Division in the Church

This past week, the ELCA removed Pastor Bradley Schmeling of Atlanta from its clergy roster. Pr. Schmeling, a gay man in a same sex committed relationship, was tried at an ELCA discipline hearing in January. He was found to be in violation of the ELCA Visions and Expectations document.

The verdict was for him to be removed from the roster after the ELCA Churchwide Assembly in August. The panel’s ruling was that the policy was indeed unjust and illegal. It is used to govern and is treated as a constitutional document which it is not. The dicipline panel wanted to give the ELCA a chance to revise the document in August and thus allow Pr. Schmeling to remain in the pulpit. The Bishop of the Southern Synod (Atlanta) appealed the decision on the basis that the panel did not have the power to delay the pastor’s removal. The ELCA ruled with the Bishop on the appeal and called for Pastor Schmeling to be immediately removed from the roster.

The above paragraph illustrates what is wrong in the mainline Christian denominations today. In today’s Akron beacon Journal, a syndicated column by Rev. Lauren R. Stanley, a missionary in the Episcopal Church, talked about division in the Church. She tackled the issue head-on. Division is not that bad. Division is why we have Christian churches. If not for Martin Luther and the Reformation, most of us would all be Catholics today. Division has lead to multi-cultural congregations and female pastors. Division has led us to many other positive changes.

Pastor Stanley summed it all up very nicely.

…Because instead of focusing on the mission and ministry that Jesus commanded all of his followers to do, too many in the Church are focusing on getting what they want when they want it, whether that be the final say on how to interpret Scripture, on who is in and who is out, on who owns what property…

As Pastor Stanley went on to talk about diverse people never coming to agreement on these and other issues. I believe that she was asking if agreement on EVERYTHING is necessary for us to function as a single body in the Church. She saw it correctly as only needing to agree on the single core Christian issue…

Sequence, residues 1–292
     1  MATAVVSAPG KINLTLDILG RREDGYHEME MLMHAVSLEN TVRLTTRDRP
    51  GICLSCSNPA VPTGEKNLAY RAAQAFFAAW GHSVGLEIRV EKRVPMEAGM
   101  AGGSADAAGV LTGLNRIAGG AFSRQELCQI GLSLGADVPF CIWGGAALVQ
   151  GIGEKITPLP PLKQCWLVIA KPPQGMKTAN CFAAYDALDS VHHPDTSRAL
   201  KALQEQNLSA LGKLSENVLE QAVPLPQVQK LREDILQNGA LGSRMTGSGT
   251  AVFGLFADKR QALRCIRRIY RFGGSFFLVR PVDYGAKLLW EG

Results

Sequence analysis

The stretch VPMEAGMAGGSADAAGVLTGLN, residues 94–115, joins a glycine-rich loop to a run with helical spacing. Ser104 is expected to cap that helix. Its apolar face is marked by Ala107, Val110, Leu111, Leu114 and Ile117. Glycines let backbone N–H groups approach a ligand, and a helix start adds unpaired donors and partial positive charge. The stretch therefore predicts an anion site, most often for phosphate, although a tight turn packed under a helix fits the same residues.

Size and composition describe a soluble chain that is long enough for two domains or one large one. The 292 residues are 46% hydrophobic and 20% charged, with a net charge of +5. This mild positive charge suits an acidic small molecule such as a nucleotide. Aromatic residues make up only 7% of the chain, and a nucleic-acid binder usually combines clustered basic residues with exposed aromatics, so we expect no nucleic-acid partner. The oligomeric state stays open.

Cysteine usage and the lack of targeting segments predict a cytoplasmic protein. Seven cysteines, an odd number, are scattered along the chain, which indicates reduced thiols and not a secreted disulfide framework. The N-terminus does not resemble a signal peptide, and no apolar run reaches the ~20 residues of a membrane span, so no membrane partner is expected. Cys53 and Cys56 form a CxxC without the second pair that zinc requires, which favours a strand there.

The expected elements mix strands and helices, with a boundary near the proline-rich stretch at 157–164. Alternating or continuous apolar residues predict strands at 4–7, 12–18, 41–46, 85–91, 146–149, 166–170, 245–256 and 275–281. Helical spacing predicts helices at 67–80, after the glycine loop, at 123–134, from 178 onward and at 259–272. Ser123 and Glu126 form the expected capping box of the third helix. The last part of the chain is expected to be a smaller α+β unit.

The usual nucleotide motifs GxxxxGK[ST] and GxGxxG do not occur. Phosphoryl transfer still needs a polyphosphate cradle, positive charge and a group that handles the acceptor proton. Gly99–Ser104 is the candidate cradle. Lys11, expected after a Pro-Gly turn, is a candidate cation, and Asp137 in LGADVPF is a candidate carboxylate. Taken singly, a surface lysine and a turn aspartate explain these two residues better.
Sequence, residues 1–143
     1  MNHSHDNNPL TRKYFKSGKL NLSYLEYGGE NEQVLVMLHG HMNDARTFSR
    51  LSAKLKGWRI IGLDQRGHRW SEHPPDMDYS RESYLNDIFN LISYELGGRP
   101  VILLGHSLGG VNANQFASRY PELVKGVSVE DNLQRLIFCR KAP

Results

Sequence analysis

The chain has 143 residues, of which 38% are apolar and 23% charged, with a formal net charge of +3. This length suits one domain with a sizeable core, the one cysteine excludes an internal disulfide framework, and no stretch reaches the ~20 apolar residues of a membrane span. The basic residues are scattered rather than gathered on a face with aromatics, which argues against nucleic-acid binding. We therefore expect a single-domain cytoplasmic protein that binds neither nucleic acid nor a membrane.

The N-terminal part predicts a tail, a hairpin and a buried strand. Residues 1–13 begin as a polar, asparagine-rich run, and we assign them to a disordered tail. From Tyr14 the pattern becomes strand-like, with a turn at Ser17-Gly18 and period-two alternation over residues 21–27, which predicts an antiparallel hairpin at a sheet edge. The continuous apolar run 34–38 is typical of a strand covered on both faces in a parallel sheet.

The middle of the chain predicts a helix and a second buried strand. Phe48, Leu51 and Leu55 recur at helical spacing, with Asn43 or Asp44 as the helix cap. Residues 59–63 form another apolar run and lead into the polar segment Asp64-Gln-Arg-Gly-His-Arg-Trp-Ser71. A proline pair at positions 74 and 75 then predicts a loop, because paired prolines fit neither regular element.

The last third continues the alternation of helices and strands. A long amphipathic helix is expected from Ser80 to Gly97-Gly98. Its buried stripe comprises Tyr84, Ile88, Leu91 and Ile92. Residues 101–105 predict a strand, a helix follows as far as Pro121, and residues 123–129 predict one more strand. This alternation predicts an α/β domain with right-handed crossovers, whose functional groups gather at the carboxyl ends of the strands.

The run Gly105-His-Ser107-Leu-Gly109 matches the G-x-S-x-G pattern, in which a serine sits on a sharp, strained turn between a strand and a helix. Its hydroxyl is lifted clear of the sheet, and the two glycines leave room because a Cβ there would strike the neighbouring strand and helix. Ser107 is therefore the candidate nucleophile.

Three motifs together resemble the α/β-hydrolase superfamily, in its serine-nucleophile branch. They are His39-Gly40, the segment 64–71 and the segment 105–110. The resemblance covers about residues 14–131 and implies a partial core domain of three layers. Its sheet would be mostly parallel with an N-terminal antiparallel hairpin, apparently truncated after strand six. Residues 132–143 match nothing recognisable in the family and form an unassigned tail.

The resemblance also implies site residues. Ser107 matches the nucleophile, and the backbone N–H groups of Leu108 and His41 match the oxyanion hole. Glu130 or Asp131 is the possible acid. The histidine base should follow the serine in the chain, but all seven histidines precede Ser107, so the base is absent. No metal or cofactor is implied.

…The key here is to see whether, even in the midst of all this disagreement and despite all the lawsuits, we can stay focused on Jesus’ mission and ours. To do that, we don’t have to agree on all the issues, and quite frankly, I don’t think we ever will. We do have to agree on the core issue, which is Jesus’ mission in the world…

I believe the bottom line is that change is coming in the Church. Conservatives are trying hold back the tide, but it will overtake them. Does this seem vaguely familiar to stories from the Bible to you?

The sad news is that many LGBT turn away from the church and its unwelcoming messages. If only we could embrace a congregational view of the Church and allow local congregations to focus on the work that benefits their community. Churches could chose to be more conservative; others more liberal. This does seem to be a way to love one another and preach the Gospel to all as Jesus told us to do.

Back to Pr. Schmeling, little will change in his congregation. They have already committed to retain him as their pastor. They will leave the ELCA and continue to grow as they have been under Pr. Schmeling’s leadership. The ELCA will most likely not fair as well as they will.

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